Pendennis saves the best until last

  • Sat, 7 Jul 2012

Mariette wins after a ghastly error by Unfurled and Firebrand stamps her authority on the Little Dennis Cup. David Glenn was on the race course.

Pendennis Cup 2012
Pendennis Cup 2012 Pendennis Cup 2012

As luck would have it the fourth and final race of the Pendennis Cup avoided the record breaking rainfall which overnight doused revellers in Falmouth. By the time the fleet reached the startline the following morning it had all cleared away east.

Nonetheless a leaden sky and what appeared at first to be a dying breeze didn't look that promising. Peter Craig and the race committee put their faith in reports that the breeze would fill in from the NNW and got both fleets away on time. Everyone was rewarded with a day which improved by the minute and ended in sparkling sunshine and a solid breeze.

The final race would be a real decider for the two main fleets, Unfurled and Mariette slugging it out for the Pendennis Cup and Mikado and Firebrand locked in battle at the top of the Little Dennis Cup.

For the first time in the regatta I was observing from a press boat and while the big yachts were hard to take one's eyes off, I kept on glancing at Firebrand, aboard which I had been sailing for a couple of days, to see how they were faring against Mikado.

Unfurled hit the start line almost perfectly while Mariette, it has to be said, was relatively late. The former made mincemeat of the beat and while Mariette went out to the left to avoid the worst of the tide, she was clearly going to have trouble holding onto Unfurled's coat tails.

It was all going fairly predictably until just after the yachts rounded the top mark for the second time. Unfurled was already improving on her horizon job while we concentrated on photographing Mariette and others against an unusually colourful Cornish landscape. But come the next mark Unfurled had somehow lost two places to Adela and the impressively quick Breakaway. We'd picked up VHF traffic from Mariette questioning whether the course had been changed but then it dawned on us that in fact Unfurled had made a ghastly course error, sailed past the correct turning mark and carried on into oblivion.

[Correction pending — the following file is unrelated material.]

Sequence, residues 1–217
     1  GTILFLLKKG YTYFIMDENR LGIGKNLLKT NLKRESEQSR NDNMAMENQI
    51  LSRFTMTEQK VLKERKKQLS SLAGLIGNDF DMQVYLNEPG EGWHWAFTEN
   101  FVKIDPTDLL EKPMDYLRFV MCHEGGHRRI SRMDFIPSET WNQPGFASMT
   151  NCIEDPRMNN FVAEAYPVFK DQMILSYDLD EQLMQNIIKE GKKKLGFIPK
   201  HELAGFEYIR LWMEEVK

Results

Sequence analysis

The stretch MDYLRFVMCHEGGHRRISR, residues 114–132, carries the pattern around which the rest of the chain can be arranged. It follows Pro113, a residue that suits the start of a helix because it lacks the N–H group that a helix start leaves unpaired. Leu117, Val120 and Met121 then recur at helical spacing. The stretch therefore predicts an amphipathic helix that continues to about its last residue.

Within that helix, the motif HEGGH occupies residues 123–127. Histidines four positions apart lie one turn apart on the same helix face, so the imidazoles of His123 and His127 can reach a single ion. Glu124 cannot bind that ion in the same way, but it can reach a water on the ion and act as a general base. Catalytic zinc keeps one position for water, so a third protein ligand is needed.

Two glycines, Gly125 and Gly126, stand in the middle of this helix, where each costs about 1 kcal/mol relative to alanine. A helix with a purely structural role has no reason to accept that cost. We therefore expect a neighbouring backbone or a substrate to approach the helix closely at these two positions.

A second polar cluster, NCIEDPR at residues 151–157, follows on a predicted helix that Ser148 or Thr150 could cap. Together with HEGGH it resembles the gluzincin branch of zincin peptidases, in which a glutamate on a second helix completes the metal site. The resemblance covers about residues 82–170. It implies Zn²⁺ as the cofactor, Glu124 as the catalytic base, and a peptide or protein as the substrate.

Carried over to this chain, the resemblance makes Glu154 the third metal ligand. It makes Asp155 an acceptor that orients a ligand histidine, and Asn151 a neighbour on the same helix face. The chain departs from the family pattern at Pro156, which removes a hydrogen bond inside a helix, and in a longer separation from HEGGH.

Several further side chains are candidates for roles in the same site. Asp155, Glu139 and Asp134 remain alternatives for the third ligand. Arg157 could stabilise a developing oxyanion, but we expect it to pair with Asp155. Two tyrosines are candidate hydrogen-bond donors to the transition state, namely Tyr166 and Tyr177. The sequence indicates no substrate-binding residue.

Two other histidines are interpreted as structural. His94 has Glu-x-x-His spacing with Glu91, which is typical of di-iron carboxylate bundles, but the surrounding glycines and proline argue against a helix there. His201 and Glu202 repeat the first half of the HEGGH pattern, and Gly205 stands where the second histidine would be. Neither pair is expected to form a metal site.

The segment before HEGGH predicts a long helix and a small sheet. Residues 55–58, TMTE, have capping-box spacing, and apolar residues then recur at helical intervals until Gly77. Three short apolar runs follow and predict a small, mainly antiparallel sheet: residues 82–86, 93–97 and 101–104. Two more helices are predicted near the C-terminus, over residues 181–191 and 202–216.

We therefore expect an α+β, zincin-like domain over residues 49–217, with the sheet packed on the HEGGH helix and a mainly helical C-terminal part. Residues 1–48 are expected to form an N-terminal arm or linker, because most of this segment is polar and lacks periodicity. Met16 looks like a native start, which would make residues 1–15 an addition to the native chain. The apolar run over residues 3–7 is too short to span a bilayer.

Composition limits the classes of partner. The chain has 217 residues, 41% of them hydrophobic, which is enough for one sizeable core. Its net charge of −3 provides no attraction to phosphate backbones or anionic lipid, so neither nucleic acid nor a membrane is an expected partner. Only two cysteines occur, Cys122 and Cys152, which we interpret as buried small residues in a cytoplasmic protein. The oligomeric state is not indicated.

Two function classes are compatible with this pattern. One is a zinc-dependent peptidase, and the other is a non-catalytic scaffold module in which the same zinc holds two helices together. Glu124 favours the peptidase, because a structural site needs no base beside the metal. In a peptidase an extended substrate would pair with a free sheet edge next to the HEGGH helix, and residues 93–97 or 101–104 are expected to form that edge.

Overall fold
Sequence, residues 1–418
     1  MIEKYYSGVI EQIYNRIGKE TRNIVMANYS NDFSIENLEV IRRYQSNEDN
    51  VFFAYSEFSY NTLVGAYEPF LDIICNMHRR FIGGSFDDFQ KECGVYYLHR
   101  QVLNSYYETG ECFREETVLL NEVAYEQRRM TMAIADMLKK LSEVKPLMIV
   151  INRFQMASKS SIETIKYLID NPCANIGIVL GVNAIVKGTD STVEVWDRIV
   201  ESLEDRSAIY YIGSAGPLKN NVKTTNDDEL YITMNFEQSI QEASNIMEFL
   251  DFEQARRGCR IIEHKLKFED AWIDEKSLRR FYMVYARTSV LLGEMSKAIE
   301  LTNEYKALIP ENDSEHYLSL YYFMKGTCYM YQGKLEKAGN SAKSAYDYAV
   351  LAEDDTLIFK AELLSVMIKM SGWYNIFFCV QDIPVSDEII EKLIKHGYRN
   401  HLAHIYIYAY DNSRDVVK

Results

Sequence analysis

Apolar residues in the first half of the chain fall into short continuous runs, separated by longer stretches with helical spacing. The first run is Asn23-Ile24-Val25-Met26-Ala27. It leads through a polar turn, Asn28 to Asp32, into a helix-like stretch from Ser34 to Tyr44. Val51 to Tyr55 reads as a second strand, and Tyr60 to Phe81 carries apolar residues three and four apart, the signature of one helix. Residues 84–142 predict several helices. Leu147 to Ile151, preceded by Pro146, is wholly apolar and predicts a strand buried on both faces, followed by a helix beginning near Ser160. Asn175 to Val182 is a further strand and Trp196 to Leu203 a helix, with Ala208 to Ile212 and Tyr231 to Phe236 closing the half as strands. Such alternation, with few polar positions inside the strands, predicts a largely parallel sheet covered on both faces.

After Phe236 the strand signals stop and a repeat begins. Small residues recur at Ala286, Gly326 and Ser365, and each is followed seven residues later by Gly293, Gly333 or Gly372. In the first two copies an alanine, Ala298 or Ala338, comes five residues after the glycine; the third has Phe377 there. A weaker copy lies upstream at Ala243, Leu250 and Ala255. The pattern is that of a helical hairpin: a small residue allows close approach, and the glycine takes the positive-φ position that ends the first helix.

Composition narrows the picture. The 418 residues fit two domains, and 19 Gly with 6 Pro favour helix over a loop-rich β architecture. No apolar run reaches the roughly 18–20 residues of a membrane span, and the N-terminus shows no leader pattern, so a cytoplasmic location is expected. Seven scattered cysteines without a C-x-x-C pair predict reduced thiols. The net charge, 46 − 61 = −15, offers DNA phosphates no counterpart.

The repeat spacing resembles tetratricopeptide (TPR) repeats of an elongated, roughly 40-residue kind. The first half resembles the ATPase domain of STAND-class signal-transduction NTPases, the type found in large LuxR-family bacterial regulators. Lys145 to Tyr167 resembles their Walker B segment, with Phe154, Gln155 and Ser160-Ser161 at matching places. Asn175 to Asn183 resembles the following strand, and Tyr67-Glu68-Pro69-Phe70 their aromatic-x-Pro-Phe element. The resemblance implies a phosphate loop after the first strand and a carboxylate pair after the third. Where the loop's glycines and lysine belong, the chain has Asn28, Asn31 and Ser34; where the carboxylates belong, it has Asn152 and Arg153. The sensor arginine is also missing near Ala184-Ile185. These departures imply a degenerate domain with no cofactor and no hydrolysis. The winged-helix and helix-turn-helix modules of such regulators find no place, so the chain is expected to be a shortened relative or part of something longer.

All navigators know that gut wrenching feeling when they look over their shoulder and see the entire chasing pack peeling off to another mark. Unfurled had no option but to return, round and carry on, her chances of victory snuffed out barring accidents. Mariette duly took the honours. How this error came about has yet to be revealed to me in details - will it ever? - but there was a suggestion that the letters P and R (denoting turning mark names) may have been confused and there was possibly too much reliance was being put on ‘black boxes' and not enough on the Mark 1 eyeball.

The order in Class 3 for the Little Dennis Cup saw Tomahawk with her somewhat tired sails trying to prevail over the heavily armed (in terms of sails) Firebrand which John Boyce, Adam Ostenfeld and crew brought home in very fine style benefiting from two longish beats in which she revelled. It was enough to win them the class.

The plucky 6-Metre Mikado just didn't have the upwind grunt to prevail and enjoyed a tussle with the 8 Metre Pinuccia instead.

This regatta somehow managed to avoid the worst of the outrageous ‘summer' weather although Cornwall certainly wasn't at it summery best. The pluses were excellent organisation, a marvellous camaraderie, a race course second to none for both sailors and spectators and, in Falmouth, a great venue whose facilities have come on leaps and bounds in the last 10 years. Peter Craig and the Royal Cornwall Yacht Club were right on the button too and there was a very pleasant, down to earth atmosphere about the whole thing.

Crews from both the J Class and the superyacht fraternity seemed to thoroughly enjoy the combination. "When you go to some Mediterranean regattas and you only get one decent day's sailing out of four you really do start to look at the options - Falmouth is certainly one," said a leading sailor. And this week's sailing proved that point.

 

 

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